You don’t have to look far for watchdog reports about failing IT projects. But rarely do you read about agencies failing fast and overcoming their challenges.
The Equal Employment Opportunity Commission has a compelling story. In 2012, the EEOC began deploying a governmentwide portal for electronically submitting and collecting federal EEO data from hundreds of agencies. The Federal Sector EEO Portal was created to automate what had been a manual process for collecting agency data.
“I couldn’t believe it when I sat down with the office director and found out that not only was it manual processes, but there was a lot of duplication and a tremendous amount of effort,” EEOC Chief Information Officer Kimberly Hancher said at the GITEC Summit 2014 in Baltimore. EEOC employees back then had to manually enter into their systems data originally produced by the agencies as electronic files.
EEOC is responsible for collecting and analyzing federal workforce demographics and data about employee complaints, which help to identify potential discriminatory policies or practices at federal agencies.
“It was crazy and ripe for automation,” Hancher said while gesturing to a diagram of the old process.
The EEOC director held a meeting with more than 300 federal EEOC offices. They discussed requirements and the current reporting process and identified the red tape and activities that did not add value and needed to be eliminated. “It became clear that by automating the data collection, it would give analysts more time to work with data and identify barriers and triggers in terms of hiring, promotions and other personnel actions,” she said.
In developing the new portal, EEOC provided several mechanisms for agencies to submit data, depending on their size. The system was built using open source software and has more than 1,000 users.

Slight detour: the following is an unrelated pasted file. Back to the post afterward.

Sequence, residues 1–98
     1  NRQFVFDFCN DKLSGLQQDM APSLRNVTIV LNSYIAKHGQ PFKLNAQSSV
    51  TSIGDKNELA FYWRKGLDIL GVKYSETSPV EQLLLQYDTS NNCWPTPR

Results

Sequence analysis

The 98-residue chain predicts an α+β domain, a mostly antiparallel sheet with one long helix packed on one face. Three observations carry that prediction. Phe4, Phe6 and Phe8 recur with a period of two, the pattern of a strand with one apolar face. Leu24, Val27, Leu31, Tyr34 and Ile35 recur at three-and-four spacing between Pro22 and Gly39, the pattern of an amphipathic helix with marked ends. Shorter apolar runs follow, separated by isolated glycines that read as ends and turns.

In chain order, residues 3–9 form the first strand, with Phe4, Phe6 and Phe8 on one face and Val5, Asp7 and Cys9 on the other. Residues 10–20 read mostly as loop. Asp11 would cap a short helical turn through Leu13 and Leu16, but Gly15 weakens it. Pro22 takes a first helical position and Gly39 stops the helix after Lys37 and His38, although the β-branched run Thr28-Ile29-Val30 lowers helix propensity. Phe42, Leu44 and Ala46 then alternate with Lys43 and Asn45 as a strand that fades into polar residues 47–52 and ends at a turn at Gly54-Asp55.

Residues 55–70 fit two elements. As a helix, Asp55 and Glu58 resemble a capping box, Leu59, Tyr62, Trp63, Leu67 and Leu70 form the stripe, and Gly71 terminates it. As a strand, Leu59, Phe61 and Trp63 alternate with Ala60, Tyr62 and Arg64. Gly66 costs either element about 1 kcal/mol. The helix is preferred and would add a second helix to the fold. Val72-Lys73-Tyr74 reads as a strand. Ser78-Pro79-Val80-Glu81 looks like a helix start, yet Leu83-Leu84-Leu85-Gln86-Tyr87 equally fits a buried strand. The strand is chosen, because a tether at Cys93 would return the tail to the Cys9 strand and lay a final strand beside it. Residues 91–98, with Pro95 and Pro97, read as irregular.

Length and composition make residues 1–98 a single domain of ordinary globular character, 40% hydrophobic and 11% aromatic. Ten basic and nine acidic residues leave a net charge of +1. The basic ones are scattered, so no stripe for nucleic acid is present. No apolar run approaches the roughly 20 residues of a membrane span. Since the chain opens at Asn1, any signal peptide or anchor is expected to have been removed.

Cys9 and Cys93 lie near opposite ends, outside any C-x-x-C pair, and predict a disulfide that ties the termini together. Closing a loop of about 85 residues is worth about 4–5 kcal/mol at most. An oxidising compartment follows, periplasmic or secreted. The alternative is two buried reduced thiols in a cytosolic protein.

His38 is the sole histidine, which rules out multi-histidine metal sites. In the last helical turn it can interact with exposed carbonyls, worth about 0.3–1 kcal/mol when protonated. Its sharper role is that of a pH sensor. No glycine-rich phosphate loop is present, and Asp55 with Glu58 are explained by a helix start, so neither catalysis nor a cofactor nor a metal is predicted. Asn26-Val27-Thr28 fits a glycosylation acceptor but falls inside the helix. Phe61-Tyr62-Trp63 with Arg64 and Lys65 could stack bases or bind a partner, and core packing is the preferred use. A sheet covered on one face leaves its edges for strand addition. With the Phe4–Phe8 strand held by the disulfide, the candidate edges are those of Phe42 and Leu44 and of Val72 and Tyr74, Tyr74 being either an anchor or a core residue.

“The only way that we could really afford to do this was to use open source, both for the web services and for the analytics,” Hancher said. The agency used agile methods to develop the portal incrementally and get user feedback throughout the development cycle. But that did not make the project fail-proof.
“We had several failures along the way,” Hancher noted.
The first iteration of the system used Google Apps, but it wasn’t the right tool for the project. Then EEOC used the Office of Management and Budget’s MAX Collect tool, but the system couldn't support EEOC's need for a robust data collection portal.
Hancher said continuous communication with project stakeholders was vital. The office within EEOC that spearheaded the effort “was truly active in sponsoring the project,” in terms of gathering requirements and making the most of limited resources.
Hancher highlighted the project’s critical success factors: strong partnerships among stakeholders, mechanisms to receive continuous feedback early and often, and self-service features within the application that give users more autonomy.